Clinton met Chinese Foreign Minister Yang Jiechi on the sidelines of this week’s U.N. General Assembly meeting in New York and said it was important to ratchet down the quarrel over the islands that has soured ties between Asia’s two largest economies, a senior State Department official said.
The uninhabited islets, whose nearby waters are thought to hold potentially rich natural gas reserves, are known as the Diaoyu islands in China and the Senkaku islands in Japan. They have been under Japan’s control since 1895.
“The secretary … again urged that cooler heads prevail, that Japan and China engage in dialogue to calm the waters,” the official told reporters.
“We believe that Japan and China have the resources, have the restraint, have the ability to work on this directly and take tensions down, and that is our message to both sides,” the official said.
Yang, however, used a portion of China’s annual address to the U.N. General Assembly on Thursday night to forcefully restate Beijing’s stance that the islands had belonged to China from ancient times and were seized in 1895 after Japan defeated the Qing Dynasty in a war.
Yang also condemned the Japanese government’s purchase of the islands earlier this month from their private owner, a step that sparked protests across China and prompted Beijing to curb bilateral trade and tourism.
“The moves taken by Japan are totally illegal and invalid,” he said of the purchase, which Tokyo says was done to ease the dispute by preventing the islands’ use by Japanese activists.
“They can in no way change the historical fact that Japan stole the Diaoyudao and affiliated islands and that China has sovereignty over them,” Yang told the General Assembly. Diaoyudao is what China calls the main island in the cluster.
DUELING CLAIMS AT U.N.
Japan then exercised its right to reply in General Assembly debate, restating Tokyo’s position that no sovereignty dispute exists and that Japan began surveying the islands a decade before deciding to incorporate them in 1895, and there exists no evidence that the islands belonged to China.
“It has only been since the 1970s that the government of China and the Taiwanese authorities began making their assertions on territorial sovereignty over the Senkaku Islands,” said Kazuo Kodama, Japan’s deputy U.N. ambassador.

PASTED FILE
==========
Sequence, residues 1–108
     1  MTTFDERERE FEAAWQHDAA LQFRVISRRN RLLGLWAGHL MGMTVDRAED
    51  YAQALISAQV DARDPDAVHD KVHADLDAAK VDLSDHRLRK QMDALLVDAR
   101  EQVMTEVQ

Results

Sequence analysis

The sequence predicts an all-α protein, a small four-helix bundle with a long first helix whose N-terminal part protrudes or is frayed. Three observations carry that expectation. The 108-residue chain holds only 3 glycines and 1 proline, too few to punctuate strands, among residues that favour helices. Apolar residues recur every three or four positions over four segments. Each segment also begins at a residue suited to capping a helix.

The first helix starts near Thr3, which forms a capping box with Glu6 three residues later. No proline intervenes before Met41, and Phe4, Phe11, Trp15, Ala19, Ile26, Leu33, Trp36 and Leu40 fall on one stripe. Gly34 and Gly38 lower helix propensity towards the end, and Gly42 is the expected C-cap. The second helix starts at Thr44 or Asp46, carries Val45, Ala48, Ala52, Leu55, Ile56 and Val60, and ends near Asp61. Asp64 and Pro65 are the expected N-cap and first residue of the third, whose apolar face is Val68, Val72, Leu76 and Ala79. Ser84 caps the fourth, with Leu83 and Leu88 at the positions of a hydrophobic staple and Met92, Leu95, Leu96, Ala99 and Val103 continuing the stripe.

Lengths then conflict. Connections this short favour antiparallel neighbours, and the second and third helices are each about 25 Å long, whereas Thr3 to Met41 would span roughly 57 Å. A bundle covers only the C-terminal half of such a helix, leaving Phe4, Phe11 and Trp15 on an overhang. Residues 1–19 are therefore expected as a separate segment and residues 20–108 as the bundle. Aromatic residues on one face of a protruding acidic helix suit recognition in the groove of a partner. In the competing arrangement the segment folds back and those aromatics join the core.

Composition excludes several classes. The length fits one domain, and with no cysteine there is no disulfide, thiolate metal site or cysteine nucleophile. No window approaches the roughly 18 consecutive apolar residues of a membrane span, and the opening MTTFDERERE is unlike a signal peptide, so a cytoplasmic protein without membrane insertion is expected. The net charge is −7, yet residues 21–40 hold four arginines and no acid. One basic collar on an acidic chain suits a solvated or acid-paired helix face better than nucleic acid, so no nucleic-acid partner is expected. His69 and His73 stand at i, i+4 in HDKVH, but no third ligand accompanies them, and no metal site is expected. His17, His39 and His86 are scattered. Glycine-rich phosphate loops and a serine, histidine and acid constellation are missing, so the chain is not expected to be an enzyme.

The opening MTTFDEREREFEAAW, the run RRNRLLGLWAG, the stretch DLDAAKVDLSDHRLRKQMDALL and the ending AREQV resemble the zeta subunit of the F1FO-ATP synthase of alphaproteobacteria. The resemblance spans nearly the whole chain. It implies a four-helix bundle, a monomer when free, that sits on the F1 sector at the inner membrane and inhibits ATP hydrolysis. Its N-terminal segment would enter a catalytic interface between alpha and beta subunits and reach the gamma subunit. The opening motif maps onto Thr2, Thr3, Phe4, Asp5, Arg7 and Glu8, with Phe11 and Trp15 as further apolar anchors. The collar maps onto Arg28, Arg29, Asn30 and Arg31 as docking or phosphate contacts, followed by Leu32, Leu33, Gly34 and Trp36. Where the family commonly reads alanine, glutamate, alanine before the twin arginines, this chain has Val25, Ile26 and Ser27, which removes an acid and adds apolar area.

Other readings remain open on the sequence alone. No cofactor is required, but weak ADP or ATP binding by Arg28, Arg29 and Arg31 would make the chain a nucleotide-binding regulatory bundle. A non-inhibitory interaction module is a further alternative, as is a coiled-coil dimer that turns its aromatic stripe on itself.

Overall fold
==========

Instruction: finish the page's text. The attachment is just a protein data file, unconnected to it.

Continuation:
“Before then they did not express any objections,” he added.
Not to be outdone, China’s U.N. Ambassador Li Baodong accused the Japanese envoy of “resorting to spurious, fallacious arguments that defy all reason and logic.”
“The recent so-called purchase of the islands is nothing different than money laundering,” he said, accusing Tokyo of buying stolen property when it acquired the islands this month.
China has declared the islands “sacred territory,” and Taiwan has also asserted its own sovereignty over the area.
Clinton was due to meet Japanese Foreign Minister Koichiro Gemba and South Korean Foreign Minister Kim Sung-hwan in a three-way meeting on Friday. Japan and South Korea, two close U.S. allies, have also seen their relationship rocked in recent months by maritime territorial disputes.
In hour-long talks on the sidelines of the United Nations on Tuesday, Japan’s Gemba urged China to exercise restraint over the dispute. Japanese diplomats described the meeting as “tense,” as Gemba endured a stern lecture from China’s Yang.
Yang called on Tokyo to handle the dispute through negotiation, and Japanese Chief Cabinet Secretary Osamu Fujimura said “it is necessary for both countries to maintain and strengthen bilateral communications and respond to the issue calmly and with a broad perspective in mind.”
Both China and Japan have sent patrol boats in a game of cat-and-mouse in the waters near the disputed islands, raising concerns that an unintended collision or other incident could escalate into a broader clash.
In a further sign of economic fallout from the dispute, Chinese buyers and Japanese sellers of refined copper have postponed agreement on terms for 2013 shipments.
Chinese and Japanese companies failed to reach a deal in talks this week, even though Japanese sellers were willing to cut price premiums by about 10 percent from last year, a Chinese executive familiar with the talks said.
The United States has said repeatedly it takes no position on the sovereignty dispute, but believes it is important for China and Japan to work out their differences peacefully. Washington has repeatedly confirmed, however, that the U.S.-Japan security treaty would apply to the islands in the event of military attack.
In her meeting with Yang, Clinton also touched on territorial disputes in the South China Sea that have set Beijing against a number of its Southeast Asian neighbors, including the Philippines, a close U.S. ally.
China has resisted calls by the United States and some Southeast Asian countries to agree on a multilateral framework to settle the disputes, preferring to engage with each of the other less powerful claimants individually.
The U.S. official said Clinton welcomed moves by China to restart informal meetings with members of the Association of Southeast Asian Nations, or ASEAN, most recently in Cambodia two weeks ago, as a sign of progress.
“We expect these meetings are going to continue in the lead-up to the East Asia Summit in November,” the official said. “This is precisely what the secretary has been advocating, that they restart a dialogue.”
Clinton met later with a delegation of ASEAN ministers, who were guardedly upbeat about China’s latest moves, a second U.S. official said.
“We are going to have to wait and see over the course of the next several weeks, but we have obviously encouraged the process to grow and deepen,” the official told reporters.